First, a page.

Feb/Mar 2008

Samantha Hunt’s The Invention of Everything Else

Polly Shulman


A down-on-his-luck visionary has conversations with the love of his life, a pigeon. An autodidact builds a time machine and makes a date to fly it with his best friend, a night watchman at the New York Public Library. An army mechan­ic comes home from the war against Hitler—or perhaps from the future—to court a chambermaid, who steals the visionary’s notes for a death ray. Thomas Edison, George Westinghouse, Mark Twain, and the old Pennsylvania Station put in appearances. Not quite science fiction, not quite historical fiction, not quite fantasy, Samantha Hunt’s new novel falls within an increasingly popular genre whose roots dig down through Michael Chabon and E. L. Doctorow all the way, arguably, to Hawthorne: haute nostalgic goofball Americana.

The Invention of Everything Else is a particularly sweet example. Nikola Tesla, the embittered inventor who narrates parts of the story, is a peach. So is Louisa, the novel’s other protagonist, who works in the Hotel New Yorker, where Tesla is living out his last years. So is her father, Walter, the night watchman; Arthur, her mechanic beau; and really almost everyone else in the book. Despite the World War II setting, Hunt is less interested in investigating the human capacity for evil than in exploring the limits the universe puts on dreamers—in particular, through mortality. Each of Hunt’s peaches talks like a poet, thinks big, and has a fuzzy notion of where wishes stop and the world begins. But for all its lovely language and engaging antics, the book suffers from this uniformity of tone. Tesla, an elderly Slav, talks just like young Louisa; a trip in the time machine might transform Arthur into either inventor, or even into Walter.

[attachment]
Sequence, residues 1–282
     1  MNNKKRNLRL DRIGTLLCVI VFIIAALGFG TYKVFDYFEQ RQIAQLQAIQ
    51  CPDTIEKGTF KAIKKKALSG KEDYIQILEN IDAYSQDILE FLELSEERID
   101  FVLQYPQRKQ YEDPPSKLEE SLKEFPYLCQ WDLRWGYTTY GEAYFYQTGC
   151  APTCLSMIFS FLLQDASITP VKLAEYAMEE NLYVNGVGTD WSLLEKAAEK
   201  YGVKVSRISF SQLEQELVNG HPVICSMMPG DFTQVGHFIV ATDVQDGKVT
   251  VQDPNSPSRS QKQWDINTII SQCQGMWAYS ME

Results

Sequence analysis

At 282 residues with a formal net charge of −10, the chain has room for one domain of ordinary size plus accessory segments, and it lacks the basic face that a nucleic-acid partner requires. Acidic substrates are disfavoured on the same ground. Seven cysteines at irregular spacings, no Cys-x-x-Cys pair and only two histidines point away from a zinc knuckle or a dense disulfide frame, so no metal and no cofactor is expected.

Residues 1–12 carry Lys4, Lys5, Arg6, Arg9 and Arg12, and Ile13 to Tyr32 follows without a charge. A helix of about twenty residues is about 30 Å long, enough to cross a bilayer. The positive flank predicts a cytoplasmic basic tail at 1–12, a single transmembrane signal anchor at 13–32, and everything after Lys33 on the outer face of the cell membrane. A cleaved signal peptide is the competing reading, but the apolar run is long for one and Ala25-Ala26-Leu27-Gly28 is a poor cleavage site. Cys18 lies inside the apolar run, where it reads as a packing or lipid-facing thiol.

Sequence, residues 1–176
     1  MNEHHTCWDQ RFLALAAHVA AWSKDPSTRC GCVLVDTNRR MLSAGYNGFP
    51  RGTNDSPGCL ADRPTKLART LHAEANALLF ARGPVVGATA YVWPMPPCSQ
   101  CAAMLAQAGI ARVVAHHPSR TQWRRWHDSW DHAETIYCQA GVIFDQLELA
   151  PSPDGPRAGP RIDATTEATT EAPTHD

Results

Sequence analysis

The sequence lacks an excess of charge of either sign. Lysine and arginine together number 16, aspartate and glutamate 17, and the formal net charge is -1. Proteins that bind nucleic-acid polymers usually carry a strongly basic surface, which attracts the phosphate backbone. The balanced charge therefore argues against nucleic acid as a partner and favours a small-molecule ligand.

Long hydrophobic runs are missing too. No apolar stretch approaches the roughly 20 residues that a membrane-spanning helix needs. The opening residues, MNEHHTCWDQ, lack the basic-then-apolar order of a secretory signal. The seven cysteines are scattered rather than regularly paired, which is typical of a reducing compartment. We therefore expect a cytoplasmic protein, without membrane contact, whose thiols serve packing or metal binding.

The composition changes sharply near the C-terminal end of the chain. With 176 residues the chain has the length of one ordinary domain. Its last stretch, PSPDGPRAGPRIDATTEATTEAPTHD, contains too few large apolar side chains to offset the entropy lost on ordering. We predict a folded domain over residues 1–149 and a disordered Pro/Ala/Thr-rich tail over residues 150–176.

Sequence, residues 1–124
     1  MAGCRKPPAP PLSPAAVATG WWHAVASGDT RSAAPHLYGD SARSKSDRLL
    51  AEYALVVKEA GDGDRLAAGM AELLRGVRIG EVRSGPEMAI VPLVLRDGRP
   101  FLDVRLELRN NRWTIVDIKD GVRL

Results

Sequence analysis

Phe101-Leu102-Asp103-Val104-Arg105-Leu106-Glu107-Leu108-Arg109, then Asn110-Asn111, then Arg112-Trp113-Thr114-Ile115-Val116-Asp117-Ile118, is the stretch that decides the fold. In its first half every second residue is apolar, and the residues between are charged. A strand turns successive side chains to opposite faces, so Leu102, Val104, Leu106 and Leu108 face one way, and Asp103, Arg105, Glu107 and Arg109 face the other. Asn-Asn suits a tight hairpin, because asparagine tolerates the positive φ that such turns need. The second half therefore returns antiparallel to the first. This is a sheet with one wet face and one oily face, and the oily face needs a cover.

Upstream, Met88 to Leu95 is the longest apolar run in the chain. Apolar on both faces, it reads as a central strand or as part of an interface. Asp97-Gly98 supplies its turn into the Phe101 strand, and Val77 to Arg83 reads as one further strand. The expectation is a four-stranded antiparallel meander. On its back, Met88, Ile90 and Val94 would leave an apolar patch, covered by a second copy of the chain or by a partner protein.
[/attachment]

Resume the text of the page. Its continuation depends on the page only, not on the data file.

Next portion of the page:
The best of Hunt’s many beautiful passages are the ones about love. Here’s Walter’s wooing of Louisa’s mother: “She was, at the time, courting eight suitors, one for each day of the week plus a matinee date on Saturdays, and told Walter frankly, ‘I love men.’ But very quickly, something fast and furious grew between them, something like a body wriggling desperately inside a burlap bag. She canceled her other dates. She needed his kindness and he needed everything about her.” And Louisa falling in love: “Then Arthur stares right at her and Louisa stares right back, her mouth open a bit because it is this staring that seems to make him so very different from any other men Louisa has ever known, even Walter. Arthur, unlike the others, actually seems to be trying to see her. She draws back, suspicious as if she’d found a dollar bill in the street. At first one always thinks something good is a trick.” She’s right. The Invention of Everything Else is something good, even if it sometimes feels a little too much like a trick.

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